Cutting-edge design is to the world of digital products what toupées and fake tan are to Donald Trump’s morning routine. For companies that sell digital products, having a design-savvy website is pivotal in reassuring users and visitors that you have your finger on the pulse. Though keeping your page stylistically state of the art is no longer just a concern for web designers; the nature and type of site design you build is a cause for the concern of SEO specialists, UX Designers and Product Owners alike.
That being said, staying ahead of the curve shouldn’t always be priority #1: being a pioneer is all well and good until users decide not to subscribe to your flamethrowing blog because your user interface is too animation-rich for them to be able to distinguish between the subscribe icon and your interactive fire extinguisher. To help you avoid such catastrophes when developing your website design, your You & Co bros have collated a list of trends that have become the cornerstone of the 2016 Web Design world and some tips for beyond. Anyway, enough talk - let’s walk.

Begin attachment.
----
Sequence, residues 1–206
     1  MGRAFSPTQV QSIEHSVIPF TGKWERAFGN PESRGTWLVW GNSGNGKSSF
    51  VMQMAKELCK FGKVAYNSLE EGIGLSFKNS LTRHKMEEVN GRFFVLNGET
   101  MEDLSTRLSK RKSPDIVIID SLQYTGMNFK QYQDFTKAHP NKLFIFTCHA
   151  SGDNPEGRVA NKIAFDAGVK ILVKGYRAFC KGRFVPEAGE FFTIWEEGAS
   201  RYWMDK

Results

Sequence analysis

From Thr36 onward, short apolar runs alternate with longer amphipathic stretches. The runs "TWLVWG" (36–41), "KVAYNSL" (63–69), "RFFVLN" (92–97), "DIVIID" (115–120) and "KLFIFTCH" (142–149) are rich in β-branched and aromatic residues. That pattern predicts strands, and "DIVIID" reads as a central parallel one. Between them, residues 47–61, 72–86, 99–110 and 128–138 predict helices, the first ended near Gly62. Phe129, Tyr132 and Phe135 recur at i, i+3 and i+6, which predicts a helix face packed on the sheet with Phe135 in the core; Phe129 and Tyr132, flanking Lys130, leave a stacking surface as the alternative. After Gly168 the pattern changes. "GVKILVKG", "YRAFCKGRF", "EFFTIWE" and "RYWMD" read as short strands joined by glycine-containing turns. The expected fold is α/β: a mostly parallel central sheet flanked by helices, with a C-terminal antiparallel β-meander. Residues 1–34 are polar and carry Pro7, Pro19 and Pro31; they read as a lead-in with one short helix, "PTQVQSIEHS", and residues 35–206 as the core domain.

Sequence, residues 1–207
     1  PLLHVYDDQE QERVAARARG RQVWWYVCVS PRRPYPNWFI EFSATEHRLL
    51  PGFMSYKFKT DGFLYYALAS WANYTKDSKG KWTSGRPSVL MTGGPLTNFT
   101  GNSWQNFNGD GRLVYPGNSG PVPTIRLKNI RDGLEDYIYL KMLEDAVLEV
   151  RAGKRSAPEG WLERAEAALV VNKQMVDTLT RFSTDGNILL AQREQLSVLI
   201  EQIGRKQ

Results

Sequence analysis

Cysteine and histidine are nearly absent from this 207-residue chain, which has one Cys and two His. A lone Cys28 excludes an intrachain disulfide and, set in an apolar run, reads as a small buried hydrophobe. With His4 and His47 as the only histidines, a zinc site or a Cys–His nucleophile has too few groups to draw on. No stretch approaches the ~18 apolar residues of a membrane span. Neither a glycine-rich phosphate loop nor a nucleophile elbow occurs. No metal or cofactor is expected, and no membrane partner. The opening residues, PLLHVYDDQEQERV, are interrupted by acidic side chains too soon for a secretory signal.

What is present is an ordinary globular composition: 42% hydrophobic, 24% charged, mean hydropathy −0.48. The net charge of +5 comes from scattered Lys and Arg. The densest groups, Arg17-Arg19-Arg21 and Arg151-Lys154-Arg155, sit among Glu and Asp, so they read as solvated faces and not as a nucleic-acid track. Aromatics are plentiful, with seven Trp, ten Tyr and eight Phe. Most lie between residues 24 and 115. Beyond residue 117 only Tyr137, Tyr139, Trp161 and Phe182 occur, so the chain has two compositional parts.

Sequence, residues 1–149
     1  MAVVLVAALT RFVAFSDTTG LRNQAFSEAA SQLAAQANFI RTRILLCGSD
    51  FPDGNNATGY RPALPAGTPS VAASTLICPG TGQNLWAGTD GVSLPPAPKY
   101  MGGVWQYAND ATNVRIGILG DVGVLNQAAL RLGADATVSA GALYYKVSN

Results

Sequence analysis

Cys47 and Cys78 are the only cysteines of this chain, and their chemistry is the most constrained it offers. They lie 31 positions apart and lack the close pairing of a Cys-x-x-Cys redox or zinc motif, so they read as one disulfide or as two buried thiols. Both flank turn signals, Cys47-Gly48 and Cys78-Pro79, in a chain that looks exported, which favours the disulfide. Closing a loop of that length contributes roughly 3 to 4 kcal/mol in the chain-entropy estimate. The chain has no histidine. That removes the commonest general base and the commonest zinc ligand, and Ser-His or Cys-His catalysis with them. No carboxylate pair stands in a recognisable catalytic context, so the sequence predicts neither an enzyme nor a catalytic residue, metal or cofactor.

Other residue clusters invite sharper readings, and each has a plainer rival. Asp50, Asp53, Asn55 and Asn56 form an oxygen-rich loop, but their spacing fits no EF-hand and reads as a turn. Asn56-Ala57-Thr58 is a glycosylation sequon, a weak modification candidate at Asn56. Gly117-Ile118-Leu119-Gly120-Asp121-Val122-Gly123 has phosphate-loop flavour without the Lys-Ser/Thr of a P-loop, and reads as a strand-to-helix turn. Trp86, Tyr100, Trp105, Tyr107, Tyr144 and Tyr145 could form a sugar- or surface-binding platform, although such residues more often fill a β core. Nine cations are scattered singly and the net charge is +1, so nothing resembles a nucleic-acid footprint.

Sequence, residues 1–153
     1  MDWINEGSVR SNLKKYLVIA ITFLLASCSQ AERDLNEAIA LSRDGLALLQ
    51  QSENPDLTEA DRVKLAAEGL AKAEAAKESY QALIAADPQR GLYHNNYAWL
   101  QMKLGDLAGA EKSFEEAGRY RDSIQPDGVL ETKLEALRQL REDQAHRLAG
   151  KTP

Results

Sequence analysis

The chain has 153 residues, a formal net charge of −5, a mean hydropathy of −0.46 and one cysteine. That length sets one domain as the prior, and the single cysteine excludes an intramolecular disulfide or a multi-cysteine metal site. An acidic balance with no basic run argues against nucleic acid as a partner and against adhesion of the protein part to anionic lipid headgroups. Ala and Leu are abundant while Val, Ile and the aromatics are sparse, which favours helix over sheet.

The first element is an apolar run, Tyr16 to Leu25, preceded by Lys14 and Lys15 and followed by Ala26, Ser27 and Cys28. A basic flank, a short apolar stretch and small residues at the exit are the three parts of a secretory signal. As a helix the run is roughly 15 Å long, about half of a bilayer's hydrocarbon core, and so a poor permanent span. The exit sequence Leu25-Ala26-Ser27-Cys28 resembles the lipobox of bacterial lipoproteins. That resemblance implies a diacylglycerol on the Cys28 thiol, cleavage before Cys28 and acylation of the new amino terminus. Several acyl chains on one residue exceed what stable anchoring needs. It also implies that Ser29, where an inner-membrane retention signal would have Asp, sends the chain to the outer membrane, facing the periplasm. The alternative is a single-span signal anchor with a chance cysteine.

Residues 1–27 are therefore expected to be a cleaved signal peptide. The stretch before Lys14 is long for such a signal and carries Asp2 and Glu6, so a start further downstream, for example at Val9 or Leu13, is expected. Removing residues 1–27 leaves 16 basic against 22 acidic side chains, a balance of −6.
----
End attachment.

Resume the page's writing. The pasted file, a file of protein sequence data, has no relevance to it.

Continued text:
We’re noticing an upward trend (especially in e-commerce) in effective revenue-focused web design being as much about interactive user experience as it is about web functionality and visual design. This is an observation best embodied by the use of micro interactions. An easy example of how micro interactions can engage users to spend more time on a website would be Facebook’s use of notifications. Even in the early days of Facebook, the founders understood that a notification that told you you had been ‘tagged’ in a photo would fire up users’ dopamine inhibitors, and using micro interactions to communicate this became their signature emotional trigger. Anyone who uses Facebook will understand the mini-rush of seeing you have unchecked notifications, and the subsequent scramble to see how many likes your photo received.